Tuesday, September 17, 2013

And if you had not loved me first, I would refuse you still

I’ve said before and will say again, I love the Doctor and River, I love everything about them, but there’s something special about Let’s Kill Hitler. In some ways, I think it shows his love for her better than any other episode.
From the Library onwards, (for him). she knew him, more than that, she was secure in her relationship with him. It didn’t matter if he knew it or not, she did, and that was enough for her. You don’t see River analyzing their relationship or second-guessing her behavior. She just flirts with him and pushes all his buttons. 
At first, it seems Berlin is more of the same. Okay, she shoots the TARDIS, but hey, high spirits. And then 
: It was never going to be a gun for you, Doctor. The man of peace who understands every kind of warfare, except, perhaps, the cruellest. Kiss kiss.
She’s not just killing him—she’s mocking him. Yes, she gave him a royal scolding at the end of GMGTW, but she was serious then, she was trying to warn him about certain tendencies that could get him in trouble. Instead, she’s calling him a hypocrite, a criminal, heartless with no concept of love. 
I was born to kill the Doctor
The Doctor sends Amy and Rory to follow her and staggers into the TARDIS.  When he learns about the poison, he factually responds
better regenerate then
Even when informed that he can’t, his reaction is quite interesting, especially if you consider Ten’s panicked reaction to death in Stolen Earth and End of Time.  Ten tried to hold out as long as possible, even lashing out at Wilf. 
Eleven, on the other hand, is all business. His primary objection?
River needs me. She’s only just beginning. I can’t die now. 
Not one word about fair or unfair, nothing about timelines being rewritten.  He has to take care of River. Sure, she seems to have things under control, but it’s a self-destructive path: how long do you think she’ll last in the middle of Nazi Berlin at this rate?
But the part that really chokes me up is the Tesselecta scene. I’ve already written about it here. Not only does he defend her, but he boils it down to one simple question.  Yes, she is/will/has killed him (not yet, by fixed points.)  Sure, she’s been brainwashed.  Yes, she’s the daughter of his best friends. But he doesn’t defend her on any of those grounds.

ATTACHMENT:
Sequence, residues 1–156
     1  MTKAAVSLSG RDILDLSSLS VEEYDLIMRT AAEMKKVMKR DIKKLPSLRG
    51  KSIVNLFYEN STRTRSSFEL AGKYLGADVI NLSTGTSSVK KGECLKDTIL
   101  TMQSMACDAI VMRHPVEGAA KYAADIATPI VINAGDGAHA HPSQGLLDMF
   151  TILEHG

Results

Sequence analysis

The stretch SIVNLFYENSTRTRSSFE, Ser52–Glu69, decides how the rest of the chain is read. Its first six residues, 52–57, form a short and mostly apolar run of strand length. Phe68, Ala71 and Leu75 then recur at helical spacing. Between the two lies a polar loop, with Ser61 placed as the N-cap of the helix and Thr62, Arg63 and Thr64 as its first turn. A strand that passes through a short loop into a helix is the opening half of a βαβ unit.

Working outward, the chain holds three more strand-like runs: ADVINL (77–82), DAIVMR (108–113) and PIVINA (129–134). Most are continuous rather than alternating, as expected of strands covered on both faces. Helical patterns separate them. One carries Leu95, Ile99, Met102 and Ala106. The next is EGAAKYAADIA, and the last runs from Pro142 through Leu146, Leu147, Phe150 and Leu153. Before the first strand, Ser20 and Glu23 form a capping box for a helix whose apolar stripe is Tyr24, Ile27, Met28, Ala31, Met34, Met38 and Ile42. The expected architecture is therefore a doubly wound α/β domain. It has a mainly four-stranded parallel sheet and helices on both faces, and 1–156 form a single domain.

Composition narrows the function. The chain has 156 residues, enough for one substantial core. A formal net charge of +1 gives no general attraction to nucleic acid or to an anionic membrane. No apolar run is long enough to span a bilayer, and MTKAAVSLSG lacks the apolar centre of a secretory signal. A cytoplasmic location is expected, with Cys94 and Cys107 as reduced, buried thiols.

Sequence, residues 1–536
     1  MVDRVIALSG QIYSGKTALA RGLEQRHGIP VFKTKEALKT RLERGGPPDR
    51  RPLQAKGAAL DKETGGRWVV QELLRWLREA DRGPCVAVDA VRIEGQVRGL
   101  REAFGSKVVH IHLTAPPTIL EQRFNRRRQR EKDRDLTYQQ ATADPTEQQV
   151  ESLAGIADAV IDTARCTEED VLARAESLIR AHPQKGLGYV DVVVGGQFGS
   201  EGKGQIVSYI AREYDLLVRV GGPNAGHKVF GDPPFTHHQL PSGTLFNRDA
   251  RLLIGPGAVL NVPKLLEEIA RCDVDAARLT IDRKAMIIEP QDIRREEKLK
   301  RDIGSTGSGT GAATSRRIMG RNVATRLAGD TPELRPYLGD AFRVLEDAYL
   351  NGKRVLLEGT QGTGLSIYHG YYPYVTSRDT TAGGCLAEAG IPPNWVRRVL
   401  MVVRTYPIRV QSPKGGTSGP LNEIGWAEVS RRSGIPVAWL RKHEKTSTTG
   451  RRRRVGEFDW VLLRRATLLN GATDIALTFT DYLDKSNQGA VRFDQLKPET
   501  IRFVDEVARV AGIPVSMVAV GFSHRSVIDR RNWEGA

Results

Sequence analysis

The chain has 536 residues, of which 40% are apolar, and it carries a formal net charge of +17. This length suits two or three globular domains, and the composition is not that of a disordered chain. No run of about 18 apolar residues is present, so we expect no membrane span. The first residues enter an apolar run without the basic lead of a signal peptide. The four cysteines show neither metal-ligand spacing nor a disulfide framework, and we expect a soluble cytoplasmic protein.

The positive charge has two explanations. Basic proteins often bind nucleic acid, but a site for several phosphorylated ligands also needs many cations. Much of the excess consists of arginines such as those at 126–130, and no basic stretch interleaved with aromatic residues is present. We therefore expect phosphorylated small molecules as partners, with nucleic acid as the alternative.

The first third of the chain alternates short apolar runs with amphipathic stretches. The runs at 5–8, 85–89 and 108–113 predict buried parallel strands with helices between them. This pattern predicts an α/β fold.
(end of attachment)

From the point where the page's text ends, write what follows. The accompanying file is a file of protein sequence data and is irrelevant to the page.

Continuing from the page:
"According to records, the woman who kills the Doctor."
And I’m the Doctor. So what’s it to you?
If you look at other places—Power of Three,  Bells of St. John—it’s clear what he’s doing here. This is a giant UNDER MY PROTECTION sign, no explanation necessary.  Nothing else matters.
And later, when he leaves her the message and she realizes who she is—who River is, because at this point they’re different people—I love imagining what she must have thought at that point, because I don’t think she’d known that sort of love before. Madame Kovarian and the Silents weren’t the caring sort, Amy and Rory were nice but they weren’t her parents yet and couldn’t protect her.  
He can protect her. He did.  What she did wasn’t even mentioned. 
But even then, he’s still giving her a choice. He didn’t tell her that she could save him. He didn’t even hint. He flat-out lied,knowing he could die for real.  She wasn’t indebted to him unless she chose to be. 
That’s real, true love.


  1. Hey. Moved over here from your other blogs. Seeing as it has all the same posts, does it transfer your followers, too? If not, can you put up a Follow button so I can follow it?

    Thanks. ^_^

  2. Thanks for letting me know. I've got the button now, as well as one for following by email.